WASHINGTON (Dow Jones Newswires), Feb. 5, 2009
Federal lawmakers are gearing up to legislate a new offshore drilling plan that could restrict development in major areas of the Outer Continental Shelf, but allow some acreage previously closed to access to be opened for exploration.
House Natural Resources Committee Chairman Nick Rahall, D-W.Va., on Wednesday announced a series of hearings on offshore drilling that will explore the appetite for drilling off the nation's coasts.
Republicans and oil industry officials are concerned that the new plans Congress and new Interior Secretary Ken Salazar plan to draft will ultimately prohibit exploration in areas that show the best prospects, however.
Despite vowing to reshape the country's energy economy to move away from fossil fuels and towards renewable and low-carbon energy, Democrats late last year let a two-decade-old moratorium on offshore drilling on large swaths of the Outer Continental Shelf expire late last year as constituents hounded elected officials about $4 a gallon gasoline.
Secretary Salazar said he was going to work with lawmakers on the Hill to re-write the five-year plan outlined by the outgoing Administration that would have allowed drilling in the previously banned acreage off the East and West coasts, as well as Alaska.
With polls still showing strong support for drilling, Salazar and Congress will need to tread a fine political line on offshore drilling policy, even with oil prices dropping from a $147 a barrel last July to around $40 recently and a larger majority in both chambers.
"We're now in a more reasoned atmosphere," than last summer, Rahall said in an interview with the Wall Street Journal. Rahall and other lawmakers say there's been little traction on Capitol Hill for a full reinstatement of the ban, despite strong calls from many environmental groups to prohibit drilling through legislation. "I don't think it would pass through Congress," the chairman said.
People close to the matter say the House is preparing a comprehensive new energy bill for a March or April vote that's likely to include drilling provisions.
Currently, drilling three to nine miles off the Atlantic and Pacific coasts could legally go ahead because of the moratorium expiration, but only if the Interior Department were allow it in its new development plan. Congress, however, could reinstate parts of the ban or change the requirements for drilling and royalty provisions.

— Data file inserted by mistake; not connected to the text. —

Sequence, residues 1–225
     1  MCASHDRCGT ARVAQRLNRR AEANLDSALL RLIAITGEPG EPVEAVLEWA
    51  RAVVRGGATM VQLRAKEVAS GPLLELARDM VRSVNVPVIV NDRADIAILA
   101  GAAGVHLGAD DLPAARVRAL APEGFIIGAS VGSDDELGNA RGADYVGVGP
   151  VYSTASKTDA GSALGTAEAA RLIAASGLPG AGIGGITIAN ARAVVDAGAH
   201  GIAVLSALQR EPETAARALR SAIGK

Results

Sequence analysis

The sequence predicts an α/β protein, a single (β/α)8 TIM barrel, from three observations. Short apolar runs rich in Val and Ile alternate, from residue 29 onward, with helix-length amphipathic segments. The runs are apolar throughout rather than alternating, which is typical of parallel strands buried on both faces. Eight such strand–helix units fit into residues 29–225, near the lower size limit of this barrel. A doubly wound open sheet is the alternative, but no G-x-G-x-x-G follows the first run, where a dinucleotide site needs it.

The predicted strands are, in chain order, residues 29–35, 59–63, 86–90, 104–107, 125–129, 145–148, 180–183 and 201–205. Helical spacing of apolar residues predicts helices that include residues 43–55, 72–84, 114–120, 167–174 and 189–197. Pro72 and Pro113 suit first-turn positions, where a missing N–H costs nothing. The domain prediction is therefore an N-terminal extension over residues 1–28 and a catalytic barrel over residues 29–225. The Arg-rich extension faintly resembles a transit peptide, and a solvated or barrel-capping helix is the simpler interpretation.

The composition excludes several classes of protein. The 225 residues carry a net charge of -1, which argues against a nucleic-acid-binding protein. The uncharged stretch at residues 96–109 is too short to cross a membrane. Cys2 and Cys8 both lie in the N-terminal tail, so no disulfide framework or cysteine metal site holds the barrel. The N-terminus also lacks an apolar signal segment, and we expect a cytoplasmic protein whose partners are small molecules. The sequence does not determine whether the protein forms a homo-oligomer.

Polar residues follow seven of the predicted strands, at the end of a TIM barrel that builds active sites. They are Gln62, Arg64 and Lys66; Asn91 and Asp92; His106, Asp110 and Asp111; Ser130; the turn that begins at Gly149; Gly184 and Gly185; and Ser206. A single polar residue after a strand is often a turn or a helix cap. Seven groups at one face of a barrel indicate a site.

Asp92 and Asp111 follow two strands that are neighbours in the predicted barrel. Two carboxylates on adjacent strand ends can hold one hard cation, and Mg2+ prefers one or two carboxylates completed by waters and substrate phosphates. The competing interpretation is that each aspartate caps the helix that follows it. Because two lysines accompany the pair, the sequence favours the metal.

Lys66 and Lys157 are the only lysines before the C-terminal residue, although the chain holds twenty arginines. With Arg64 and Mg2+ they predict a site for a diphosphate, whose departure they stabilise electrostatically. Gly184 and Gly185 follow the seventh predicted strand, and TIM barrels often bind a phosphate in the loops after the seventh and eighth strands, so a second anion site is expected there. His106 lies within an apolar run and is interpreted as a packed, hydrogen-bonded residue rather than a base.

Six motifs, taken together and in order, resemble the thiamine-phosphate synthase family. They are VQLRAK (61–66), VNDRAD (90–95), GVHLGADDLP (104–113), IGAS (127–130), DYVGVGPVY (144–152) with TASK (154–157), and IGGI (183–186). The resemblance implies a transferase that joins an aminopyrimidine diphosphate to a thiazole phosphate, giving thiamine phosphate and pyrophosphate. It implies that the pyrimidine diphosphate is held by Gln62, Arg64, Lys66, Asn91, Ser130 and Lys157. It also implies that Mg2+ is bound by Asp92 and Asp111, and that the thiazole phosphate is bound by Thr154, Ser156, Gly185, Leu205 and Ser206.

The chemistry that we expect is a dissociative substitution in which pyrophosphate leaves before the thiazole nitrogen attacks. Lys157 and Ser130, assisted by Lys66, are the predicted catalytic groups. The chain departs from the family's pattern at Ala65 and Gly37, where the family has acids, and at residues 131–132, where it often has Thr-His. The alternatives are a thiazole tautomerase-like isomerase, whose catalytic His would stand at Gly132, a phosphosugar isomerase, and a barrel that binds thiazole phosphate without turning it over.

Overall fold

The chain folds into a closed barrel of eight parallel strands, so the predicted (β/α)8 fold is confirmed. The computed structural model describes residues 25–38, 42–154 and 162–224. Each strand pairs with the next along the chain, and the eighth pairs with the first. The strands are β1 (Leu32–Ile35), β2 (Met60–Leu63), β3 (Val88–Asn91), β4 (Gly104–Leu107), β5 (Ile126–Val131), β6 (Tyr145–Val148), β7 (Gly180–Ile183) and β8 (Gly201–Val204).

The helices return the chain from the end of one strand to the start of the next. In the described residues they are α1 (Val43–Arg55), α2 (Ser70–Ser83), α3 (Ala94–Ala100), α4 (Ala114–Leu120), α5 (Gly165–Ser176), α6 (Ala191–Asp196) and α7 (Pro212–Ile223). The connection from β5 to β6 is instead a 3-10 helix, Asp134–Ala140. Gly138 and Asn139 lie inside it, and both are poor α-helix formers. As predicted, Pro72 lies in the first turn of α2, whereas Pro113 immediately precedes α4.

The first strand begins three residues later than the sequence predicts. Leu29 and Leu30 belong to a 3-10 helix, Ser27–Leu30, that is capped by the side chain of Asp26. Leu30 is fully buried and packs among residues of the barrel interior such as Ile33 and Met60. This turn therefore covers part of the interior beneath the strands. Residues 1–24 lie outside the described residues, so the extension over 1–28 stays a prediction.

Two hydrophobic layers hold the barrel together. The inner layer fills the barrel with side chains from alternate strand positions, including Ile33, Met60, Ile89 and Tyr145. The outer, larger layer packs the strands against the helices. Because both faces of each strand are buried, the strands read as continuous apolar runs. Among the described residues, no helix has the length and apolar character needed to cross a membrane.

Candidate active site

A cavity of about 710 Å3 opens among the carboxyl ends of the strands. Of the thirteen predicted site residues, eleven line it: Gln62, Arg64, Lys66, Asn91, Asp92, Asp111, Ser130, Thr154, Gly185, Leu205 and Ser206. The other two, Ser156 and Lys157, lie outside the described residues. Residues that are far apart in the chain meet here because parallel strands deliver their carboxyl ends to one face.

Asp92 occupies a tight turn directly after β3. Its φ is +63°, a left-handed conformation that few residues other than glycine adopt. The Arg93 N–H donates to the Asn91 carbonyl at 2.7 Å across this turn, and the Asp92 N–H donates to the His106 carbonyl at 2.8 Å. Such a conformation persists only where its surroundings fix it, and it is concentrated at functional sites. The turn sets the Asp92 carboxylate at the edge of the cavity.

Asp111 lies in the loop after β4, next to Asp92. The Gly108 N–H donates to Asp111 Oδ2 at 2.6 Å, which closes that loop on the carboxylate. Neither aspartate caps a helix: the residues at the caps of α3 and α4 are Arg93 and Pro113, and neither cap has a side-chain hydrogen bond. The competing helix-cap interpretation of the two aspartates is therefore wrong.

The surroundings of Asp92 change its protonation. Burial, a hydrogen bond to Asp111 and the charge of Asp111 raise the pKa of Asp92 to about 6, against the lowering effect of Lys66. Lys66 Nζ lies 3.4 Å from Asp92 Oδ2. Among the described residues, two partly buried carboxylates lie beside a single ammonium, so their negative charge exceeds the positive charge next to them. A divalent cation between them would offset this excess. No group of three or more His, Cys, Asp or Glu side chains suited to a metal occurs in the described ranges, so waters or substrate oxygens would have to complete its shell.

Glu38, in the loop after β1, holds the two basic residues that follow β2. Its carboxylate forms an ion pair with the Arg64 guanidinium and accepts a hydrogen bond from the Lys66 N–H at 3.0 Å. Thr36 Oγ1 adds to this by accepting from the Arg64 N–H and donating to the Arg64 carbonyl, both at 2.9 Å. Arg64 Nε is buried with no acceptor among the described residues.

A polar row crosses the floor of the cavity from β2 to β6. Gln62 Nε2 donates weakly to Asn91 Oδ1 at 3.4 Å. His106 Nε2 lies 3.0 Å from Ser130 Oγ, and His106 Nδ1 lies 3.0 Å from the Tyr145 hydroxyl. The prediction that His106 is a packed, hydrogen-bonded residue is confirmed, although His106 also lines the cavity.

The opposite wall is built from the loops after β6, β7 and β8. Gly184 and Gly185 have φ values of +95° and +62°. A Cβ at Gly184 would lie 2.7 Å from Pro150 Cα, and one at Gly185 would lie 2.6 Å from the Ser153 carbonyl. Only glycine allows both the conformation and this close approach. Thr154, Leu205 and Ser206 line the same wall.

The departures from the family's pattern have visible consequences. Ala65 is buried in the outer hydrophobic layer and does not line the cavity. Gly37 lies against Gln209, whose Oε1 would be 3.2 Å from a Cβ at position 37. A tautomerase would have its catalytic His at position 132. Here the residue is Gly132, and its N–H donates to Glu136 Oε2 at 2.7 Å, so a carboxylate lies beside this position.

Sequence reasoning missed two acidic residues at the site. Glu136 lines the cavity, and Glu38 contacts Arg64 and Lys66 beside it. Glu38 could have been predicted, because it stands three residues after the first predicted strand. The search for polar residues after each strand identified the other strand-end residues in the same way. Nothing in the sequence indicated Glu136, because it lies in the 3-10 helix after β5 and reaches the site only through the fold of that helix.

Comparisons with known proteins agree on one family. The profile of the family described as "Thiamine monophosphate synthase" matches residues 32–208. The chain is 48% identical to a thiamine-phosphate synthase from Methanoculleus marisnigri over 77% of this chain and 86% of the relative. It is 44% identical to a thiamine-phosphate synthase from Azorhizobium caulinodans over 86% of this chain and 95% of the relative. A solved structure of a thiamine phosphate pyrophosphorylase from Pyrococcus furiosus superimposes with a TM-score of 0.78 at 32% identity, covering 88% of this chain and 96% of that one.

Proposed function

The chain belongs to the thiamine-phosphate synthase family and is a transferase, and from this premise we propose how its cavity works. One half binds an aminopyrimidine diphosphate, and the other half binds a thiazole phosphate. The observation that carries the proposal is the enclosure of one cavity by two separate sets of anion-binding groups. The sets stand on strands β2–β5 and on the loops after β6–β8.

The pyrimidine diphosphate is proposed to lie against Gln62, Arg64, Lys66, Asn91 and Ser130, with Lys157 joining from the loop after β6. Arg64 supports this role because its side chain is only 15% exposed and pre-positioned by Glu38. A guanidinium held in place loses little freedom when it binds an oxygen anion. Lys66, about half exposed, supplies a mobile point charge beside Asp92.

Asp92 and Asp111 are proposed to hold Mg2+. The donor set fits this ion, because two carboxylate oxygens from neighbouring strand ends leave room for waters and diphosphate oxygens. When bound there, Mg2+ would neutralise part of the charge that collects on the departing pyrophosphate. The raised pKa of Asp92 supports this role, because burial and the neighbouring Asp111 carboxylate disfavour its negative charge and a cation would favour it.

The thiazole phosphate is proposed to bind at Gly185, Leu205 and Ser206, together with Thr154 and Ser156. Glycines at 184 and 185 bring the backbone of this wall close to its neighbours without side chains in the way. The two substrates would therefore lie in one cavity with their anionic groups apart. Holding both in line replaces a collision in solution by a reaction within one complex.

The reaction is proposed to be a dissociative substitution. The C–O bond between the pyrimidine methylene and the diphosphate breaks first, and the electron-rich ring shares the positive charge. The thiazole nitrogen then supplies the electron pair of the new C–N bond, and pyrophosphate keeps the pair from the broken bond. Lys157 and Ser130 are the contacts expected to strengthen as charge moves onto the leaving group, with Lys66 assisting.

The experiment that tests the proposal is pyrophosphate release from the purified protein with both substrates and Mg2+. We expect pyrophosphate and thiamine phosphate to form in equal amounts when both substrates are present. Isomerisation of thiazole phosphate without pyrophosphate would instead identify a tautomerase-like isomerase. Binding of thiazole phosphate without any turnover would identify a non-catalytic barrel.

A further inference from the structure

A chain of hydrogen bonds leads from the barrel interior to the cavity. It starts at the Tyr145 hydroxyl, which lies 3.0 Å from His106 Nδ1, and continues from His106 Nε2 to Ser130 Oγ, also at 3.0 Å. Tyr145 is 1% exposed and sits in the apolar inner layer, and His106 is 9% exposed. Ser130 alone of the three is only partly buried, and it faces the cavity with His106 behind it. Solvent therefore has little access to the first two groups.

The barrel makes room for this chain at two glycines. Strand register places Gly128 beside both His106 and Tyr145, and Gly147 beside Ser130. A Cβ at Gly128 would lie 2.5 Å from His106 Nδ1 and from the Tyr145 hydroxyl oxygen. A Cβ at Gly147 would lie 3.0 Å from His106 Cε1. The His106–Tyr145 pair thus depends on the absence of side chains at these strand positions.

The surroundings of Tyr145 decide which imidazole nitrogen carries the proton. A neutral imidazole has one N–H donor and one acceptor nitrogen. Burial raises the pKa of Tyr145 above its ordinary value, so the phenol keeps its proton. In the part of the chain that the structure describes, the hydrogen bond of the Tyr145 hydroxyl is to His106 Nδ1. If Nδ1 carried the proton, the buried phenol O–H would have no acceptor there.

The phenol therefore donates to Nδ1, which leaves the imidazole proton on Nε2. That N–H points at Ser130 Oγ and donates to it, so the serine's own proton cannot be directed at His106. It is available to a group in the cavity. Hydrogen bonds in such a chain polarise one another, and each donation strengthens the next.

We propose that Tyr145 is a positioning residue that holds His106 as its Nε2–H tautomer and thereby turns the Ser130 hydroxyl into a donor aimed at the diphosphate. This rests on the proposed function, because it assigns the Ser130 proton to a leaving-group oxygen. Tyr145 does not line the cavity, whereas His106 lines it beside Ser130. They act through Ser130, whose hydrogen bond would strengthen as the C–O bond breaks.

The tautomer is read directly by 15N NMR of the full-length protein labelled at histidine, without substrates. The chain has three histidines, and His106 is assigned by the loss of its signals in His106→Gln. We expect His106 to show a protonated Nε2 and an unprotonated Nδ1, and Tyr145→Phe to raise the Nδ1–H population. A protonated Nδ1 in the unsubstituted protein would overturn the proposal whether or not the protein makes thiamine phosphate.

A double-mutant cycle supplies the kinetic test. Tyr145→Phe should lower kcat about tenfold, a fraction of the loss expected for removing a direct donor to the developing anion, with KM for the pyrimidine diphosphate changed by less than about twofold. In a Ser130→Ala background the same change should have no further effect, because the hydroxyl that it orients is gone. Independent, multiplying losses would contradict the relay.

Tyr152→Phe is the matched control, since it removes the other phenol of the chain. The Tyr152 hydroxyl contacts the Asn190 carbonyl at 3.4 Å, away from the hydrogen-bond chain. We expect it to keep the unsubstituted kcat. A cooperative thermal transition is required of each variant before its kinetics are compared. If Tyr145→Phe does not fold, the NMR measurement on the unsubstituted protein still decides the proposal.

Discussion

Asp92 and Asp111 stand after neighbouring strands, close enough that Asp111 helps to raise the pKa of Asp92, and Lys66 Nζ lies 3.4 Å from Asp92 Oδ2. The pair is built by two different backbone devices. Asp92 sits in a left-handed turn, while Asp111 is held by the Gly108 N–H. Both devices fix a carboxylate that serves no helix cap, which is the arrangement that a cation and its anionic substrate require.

In September of last year, the House passed an energy bill sponsored by Rahall that would have created a 50-mile drilling buffer off the coast, preventing access to acreage that the oil and natural gas industry says contains some of the best prospects. The Senate failed to take up the bill in the wake of the financial crisis, but with a larger majority, the prospects are better for the Democrats' agenda.
Salazar and Rahall are also promising reform of the royalty structures for the oil and gas industry, which is likely to not only increase the cost of leasing and production on the Outer Continental Shelf, but also may prevent new development.
Besides considering axing royalty relief and hiking rates, lawmakers and the Secretary may leave out measures included in recent lease sale laws that would give the states a share of the revenue.
"Unless you have a royalty-sharing provision, you're not going to get any new activity because there's nothing to encourage states to allow new development," says Brian Kennedy, a spokesman for the Institute for Energy Research, an organization that advocates for increase conventional production.
Senator Jeff Bingaman, D-N.M., the chairman of the Senate Energy and Natural Resources Committee, has said he strongly opposes royalty-sharing provisions.
Even if Congress did open new acreage, without such an incentive "it would be an empty promise," says Kennedy.
Dan Naatz, vice president of Federal Resources at the Independent Petroleum Association of America, said, "We'd like to see that go forward with the five year plan instead of trying to do something that would circumvent that process, such as Interior changing it or through a legislative fix."
The House Natural Resources Committee will kick off the three-hearing series next Wednesday exploring environmental and commercial perspectives and follow with two more at the end of the month with state and industry stake holder input.
Copyright (c) 2009 Dow Jones & Company, Inc.
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